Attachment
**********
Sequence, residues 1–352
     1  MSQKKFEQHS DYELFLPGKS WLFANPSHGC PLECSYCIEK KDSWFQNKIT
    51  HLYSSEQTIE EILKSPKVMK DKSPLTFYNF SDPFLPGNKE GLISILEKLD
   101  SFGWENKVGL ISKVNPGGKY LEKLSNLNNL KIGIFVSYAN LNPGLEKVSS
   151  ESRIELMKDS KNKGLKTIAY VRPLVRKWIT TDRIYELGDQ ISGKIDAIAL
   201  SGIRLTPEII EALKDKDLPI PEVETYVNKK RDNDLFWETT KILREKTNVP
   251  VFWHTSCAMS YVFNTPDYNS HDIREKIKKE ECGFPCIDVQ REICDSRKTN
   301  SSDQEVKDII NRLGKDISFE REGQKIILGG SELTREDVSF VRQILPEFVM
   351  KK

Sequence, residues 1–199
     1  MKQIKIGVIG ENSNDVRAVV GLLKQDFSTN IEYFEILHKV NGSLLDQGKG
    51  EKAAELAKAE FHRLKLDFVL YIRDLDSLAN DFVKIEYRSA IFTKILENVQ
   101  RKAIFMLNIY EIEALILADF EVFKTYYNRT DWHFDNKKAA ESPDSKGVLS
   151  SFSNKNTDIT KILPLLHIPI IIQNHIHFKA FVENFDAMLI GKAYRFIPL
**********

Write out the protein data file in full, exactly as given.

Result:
Sequence, residues 1–352
     1  MSQKKFEQHS DYELFLPGKS WLFANPSHGC PLECSYCIEK KDSWFQNKIT
    51  HLYSSEQTIE EILKSPKVMK DKSPLTFYNF SDPFLPGNKE GLISILEKLD
   101  SFGWENKVGL ISKVNPGGKY LEKLSNLNNL KIGIFVSYAN LNPGLEKVSS
   151  ESRIELMKDS KNKGLKTIAY VRPLVRKWIT TDRIYELGDQ ISGKIDAIAL
   201  SGIRLTPEII EALKDKDLPI PEVETYVNKK RDNDLFWETT KILREKTNVP
   251  VFWHTSCAMS YVFNTPDYNS HDIREKIKKE ECGFPCIDVQ REICDSRKTN
   301  SSDQEVKDII NRLGKDISFE REGQKIILGG SELTREDVSF VRQILPEFVM
   351  KK

Sequence, residues 1–199
     1  MKQIKIGVIG ENSNDVRAVV GLLKQDFSTN IEYFEILHKV NGSLLDQGKG
    51  EKAAELAKAE FHRLKLDFVL YIRDLDSLAN DFVKIEYRSA IFTKILENVQ
   101  RKAIFMLNIY EIEALILADF EVFKTYYNRT DWHFDNKKAA ESPDSKGVLS
   151  SFSNKNTDIT KILPLLHIPI IIQNHIHFKA FVENFDAMLI GKAYRFIPL